We have two P&D artists in this show, two decorative artists, Cynthia Carlson and Kim MacConnel. Carlson, incidentally, represents the feminist position within that movement and MacConnel represents the beauty-for-beauty’s-sake position.
CH: When I think about P&D being exhibited today, and the interest those artists had in exploring ornament in Islamic art, I wonder if their works read differently in our contemporary political moment?
IS: It’s not only Islamic art. MacConnel at one point also looked to African tribal decoration. Feminists looked to quilts. They looked to anything “third-world,” because the third-world had more or less been written out of standard art history. And these artists were saying, “Hey, let’s look at other kinds of art.” They opened up whole new areas to consideration.
CH: It’s amazing how much more global the art world has become in the period covered by That is Then. This is Now. Cultures that were at best marginal then are now much more equal partners in the production of contemporary art.
IS: Yes, I think this is something that’s very important, because the artists involved in P&D were really right there at that moment when globalism met art.
CH: Were there any surprises for either you or Robert Storr as curators? Any deviations from how you thought the show would play out?
IS: It was really interesting to us, because we knew the work back then. Given the vast expansion of the art world—there are over 600 galleries in New York today, back in my day there were only 18!—you can’t keep track of it all. And then suddenly you’re forced to look back! And we were kind of curious and surprised and marveled by the fact that these artists were working away and that we ourselves would have a chance to see them.
CH: You’ve mentioned the emphasis on painting in this exhibition. From your perspective, is painting still involved in a struggle for legitimacy?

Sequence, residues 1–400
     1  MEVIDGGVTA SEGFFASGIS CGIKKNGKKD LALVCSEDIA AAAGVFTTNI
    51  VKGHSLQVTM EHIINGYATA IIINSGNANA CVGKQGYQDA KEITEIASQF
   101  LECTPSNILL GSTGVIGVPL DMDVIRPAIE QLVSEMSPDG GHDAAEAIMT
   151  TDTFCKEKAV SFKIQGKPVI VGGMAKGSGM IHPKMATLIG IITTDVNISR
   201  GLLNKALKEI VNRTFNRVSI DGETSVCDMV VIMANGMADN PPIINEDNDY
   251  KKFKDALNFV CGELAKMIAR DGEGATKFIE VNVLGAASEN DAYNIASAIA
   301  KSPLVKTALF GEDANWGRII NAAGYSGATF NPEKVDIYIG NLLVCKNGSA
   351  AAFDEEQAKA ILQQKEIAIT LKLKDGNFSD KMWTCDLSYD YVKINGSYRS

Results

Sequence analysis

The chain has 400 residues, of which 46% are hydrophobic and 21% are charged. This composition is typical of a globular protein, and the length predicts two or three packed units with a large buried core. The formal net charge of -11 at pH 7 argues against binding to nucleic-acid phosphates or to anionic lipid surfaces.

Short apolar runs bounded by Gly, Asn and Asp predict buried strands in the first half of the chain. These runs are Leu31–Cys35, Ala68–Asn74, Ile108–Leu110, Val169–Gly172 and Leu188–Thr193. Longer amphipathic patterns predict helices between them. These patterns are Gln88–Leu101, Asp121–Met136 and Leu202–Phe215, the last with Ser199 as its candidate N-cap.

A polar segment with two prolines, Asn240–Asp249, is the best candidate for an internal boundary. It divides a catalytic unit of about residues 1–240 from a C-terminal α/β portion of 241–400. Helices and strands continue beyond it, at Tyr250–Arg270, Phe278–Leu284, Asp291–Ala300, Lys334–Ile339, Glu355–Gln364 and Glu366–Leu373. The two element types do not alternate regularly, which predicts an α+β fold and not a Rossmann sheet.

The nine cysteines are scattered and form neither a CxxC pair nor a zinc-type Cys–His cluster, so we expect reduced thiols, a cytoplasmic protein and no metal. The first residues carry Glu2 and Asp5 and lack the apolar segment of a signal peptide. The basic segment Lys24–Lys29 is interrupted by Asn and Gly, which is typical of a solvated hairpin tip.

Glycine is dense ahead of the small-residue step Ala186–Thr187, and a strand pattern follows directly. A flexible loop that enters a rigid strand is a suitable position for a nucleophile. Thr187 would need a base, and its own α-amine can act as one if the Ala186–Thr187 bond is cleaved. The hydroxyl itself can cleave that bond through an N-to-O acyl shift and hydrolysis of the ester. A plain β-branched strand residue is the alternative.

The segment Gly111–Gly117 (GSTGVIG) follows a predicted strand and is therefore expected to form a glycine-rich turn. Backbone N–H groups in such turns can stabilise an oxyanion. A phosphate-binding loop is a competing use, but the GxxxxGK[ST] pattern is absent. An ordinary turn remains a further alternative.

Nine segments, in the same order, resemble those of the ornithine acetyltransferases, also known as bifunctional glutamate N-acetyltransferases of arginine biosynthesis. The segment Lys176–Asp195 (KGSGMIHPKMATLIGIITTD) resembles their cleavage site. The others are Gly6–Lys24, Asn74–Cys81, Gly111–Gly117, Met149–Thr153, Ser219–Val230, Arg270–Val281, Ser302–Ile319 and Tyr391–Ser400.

IS: Painting can still seem to be embattled. There are so many other competing mediums. And certainly it does seem as if museums and a considerable number of important galleries and collectors seem to focus on non-painting mediums. But I don’t think it’s embattled. And I certainly do not think there is any battle between figuration and abstraction.
CH: So what do we gain by revisiting paintings produced during a moment when the medium was embattled?
IS: What we are gaining at this moment is what we would like to see again. What is enormously important to Rob and me is that we are looking at nine artists whose work we found very interesting in the past and we think we will find the new work equally interesting. We hope that others will find it interesting as well. Another thing that was very much in our minds was the mission of CUE—to show young artists, new artists, and artists who haven’t been shown recently. We took that into consideration in our choices and selected artists we thought are somewhat neglected and shouldn’t be.
CH: Are there particular resonances that you see between the art world today and the moment you are showing us from the 70s?
IS: Between then and now? That’s a hard one because one of the things about a pluralist situation is that all of these styles can exist at the same time and more or less command serious attention in the way that you couldn’t in the 1950s. If you were in my world, the avant-garde world, you simply didn’t pay attention to work that wasn’t, say, Abstract Expressionism in the 50s, or Pop, or Minimalism, or Color Field in the 1960s. And today artists working in any style can expect to get serious consideration. Of course, that doesn’t mean that everyone achieves recognition. But within every tendency artists will achieve recognition.
CH: So, you would say that the 70s were a plural moment, and we’re still in a plural moment …
IS: Very much.
CH: ..but that we’ve somehow become better at keeping up with it?
IS: Not quite. Try tracking 600 galleries.